New hope for help with hoarding

trash

Remember Sara Cynthia Sylvia Stout? She’s not the only one with trash issues. But thanks to the revised DSM-5, there may be help for hoarders.

My boss constantly reminds me to sort challenges into two piles: those you can control and those you can’t. See the manageable ones through to completion. Triple-check your paper trail on the rest and keep your head down when the shit hits the fan. At least that’s my interpretation.

For a long time I considered Grandma’s reluctance to get rid of anything a manageable issue. When dirty rags piled up in the bathroom, I threw them in the laundry. We skipped items on her grocery list when she already had plenty. One of us ran the vacuum every few weeks and knocked down some cobwebs. She always shooed us away before we were finished, but we left things cleaner than they would have otherwise been. You know what they say–compromise means nobody is happy. That certainly applies to Grandma and me.

Lately I’ve started cleaning more aggressively, and Grandma has reacted in kind. I organize her groceries on easy-to-reach shelves; she steals cat treats off the shelf and hides them in drawers. I clear trash from her bookcase; she accuses me of stealing her flashlight. I lecture her about the smelly “emergencies only” hospital toilet she keeps a few feet away; she turns it into a full-blown Johnny on the Job. I’m resigned to her excuses for peeing in the living room, but I am not OK with her pooping in a bucket by choice, rather than necessity. “That’s what hobos on trains do, Grandma,” I scolded. “Not people with indoor plumbing less than 20 feet away.” I threatened to confiscate the toilet, and she promised to do her business in the bathroom.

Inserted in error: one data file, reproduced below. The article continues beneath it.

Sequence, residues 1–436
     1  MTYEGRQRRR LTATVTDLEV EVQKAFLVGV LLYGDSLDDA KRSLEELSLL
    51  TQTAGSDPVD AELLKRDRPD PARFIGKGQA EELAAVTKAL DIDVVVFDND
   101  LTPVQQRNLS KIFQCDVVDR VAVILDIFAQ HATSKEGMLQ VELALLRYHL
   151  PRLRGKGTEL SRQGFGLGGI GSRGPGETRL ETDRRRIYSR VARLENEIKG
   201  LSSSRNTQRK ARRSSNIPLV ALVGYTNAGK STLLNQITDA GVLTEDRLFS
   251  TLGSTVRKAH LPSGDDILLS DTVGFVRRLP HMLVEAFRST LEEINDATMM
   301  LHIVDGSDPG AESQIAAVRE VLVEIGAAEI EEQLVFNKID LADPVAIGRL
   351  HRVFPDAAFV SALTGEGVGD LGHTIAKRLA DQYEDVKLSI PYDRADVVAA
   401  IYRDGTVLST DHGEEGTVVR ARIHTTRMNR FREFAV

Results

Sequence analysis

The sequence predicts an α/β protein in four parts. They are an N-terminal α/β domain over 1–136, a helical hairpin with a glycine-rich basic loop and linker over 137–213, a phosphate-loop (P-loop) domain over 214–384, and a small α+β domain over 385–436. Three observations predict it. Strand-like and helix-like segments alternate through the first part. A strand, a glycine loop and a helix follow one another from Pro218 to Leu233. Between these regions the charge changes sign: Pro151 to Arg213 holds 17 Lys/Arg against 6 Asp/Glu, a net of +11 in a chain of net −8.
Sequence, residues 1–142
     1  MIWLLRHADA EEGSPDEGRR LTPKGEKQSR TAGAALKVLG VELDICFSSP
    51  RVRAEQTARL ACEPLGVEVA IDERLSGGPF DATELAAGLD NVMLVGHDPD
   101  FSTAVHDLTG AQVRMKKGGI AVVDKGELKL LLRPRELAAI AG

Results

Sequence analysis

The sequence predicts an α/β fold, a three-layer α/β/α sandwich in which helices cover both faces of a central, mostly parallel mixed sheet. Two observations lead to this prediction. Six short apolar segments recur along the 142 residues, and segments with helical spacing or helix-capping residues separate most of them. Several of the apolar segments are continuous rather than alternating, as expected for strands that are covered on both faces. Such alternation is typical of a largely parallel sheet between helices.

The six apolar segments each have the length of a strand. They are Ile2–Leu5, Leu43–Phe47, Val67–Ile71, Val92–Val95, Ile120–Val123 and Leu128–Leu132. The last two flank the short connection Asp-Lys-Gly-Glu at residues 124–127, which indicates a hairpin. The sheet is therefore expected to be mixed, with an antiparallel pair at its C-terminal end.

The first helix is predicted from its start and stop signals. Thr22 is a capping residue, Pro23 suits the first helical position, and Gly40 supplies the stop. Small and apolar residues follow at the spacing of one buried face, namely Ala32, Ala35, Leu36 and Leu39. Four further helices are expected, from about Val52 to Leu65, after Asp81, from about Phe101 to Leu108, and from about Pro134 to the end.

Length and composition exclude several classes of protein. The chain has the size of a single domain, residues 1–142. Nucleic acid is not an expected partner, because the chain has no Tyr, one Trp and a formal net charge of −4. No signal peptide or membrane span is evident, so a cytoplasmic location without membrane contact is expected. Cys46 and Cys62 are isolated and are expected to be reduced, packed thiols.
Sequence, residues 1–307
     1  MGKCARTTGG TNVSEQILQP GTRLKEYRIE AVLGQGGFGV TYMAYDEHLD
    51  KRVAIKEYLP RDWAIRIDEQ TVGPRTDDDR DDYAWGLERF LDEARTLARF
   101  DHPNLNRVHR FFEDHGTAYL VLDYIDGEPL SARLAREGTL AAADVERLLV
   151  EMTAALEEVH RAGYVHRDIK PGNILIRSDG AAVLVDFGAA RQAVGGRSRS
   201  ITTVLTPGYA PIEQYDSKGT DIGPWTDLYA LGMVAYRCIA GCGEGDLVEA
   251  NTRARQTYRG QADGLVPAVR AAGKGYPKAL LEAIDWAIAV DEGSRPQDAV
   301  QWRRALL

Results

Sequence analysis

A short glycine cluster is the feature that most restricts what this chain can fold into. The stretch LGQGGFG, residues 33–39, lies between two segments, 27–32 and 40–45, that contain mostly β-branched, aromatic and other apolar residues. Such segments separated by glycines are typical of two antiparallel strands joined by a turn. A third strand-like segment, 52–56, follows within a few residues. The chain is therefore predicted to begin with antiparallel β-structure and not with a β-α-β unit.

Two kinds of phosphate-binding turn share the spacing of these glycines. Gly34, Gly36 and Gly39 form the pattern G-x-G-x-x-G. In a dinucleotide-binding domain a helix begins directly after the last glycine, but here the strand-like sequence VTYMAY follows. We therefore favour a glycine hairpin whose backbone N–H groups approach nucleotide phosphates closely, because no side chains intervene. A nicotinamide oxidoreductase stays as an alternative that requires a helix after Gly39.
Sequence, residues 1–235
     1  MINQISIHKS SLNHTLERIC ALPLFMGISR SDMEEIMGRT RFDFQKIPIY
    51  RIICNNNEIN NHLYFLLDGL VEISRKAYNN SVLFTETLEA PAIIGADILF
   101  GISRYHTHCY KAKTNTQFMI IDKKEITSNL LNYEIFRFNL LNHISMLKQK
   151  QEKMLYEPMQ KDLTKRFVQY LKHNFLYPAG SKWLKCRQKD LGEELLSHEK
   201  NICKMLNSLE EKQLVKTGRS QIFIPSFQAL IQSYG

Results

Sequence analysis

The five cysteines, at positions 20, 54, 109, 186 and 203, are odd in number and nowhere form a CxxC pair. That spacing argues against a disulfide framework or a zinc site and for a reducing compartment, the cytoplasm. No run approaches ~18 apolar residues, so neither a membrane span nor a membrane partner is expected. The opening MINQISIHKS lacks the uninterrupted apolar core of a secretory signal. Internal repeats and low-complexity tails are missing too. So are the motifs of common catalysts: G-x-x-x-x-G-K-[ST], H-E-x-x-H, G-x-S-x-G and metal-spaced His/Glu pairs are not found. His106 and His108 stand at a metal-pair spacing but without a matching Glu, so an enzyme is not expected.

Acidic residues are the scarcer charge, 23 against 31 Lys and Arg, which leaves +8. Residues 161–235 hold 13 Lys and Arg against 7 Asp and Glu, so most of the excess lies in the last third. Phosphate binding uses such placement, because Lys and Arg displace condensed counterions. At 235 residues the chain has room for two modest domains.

Maybe, I think as I’m cleaning out a newly found stash of trash, I can’t manage this. I share my fears with my best friend, and she tells me hoarding was just added to the DSM-5, the American Psychiatric Association’s official manual of mental health diagnoses. This means treatment and possibly insurance coverage is now available for Grandma’s disorder. And that’s good news for us both.

Even if treatment is available, it’s not going to solve all of our issues. And there are hoops to jump through and red tape to cross–e.g. securing power of attorney–before I can even find out whether Grandma’s insurance provides coverage. But hope is the thing with feathers. And as long as I have it, caring for Grandma at home where she wants to be is a challenge I can handle.

Image credit: fotoruhrgebiet / 123RF Stock Photo

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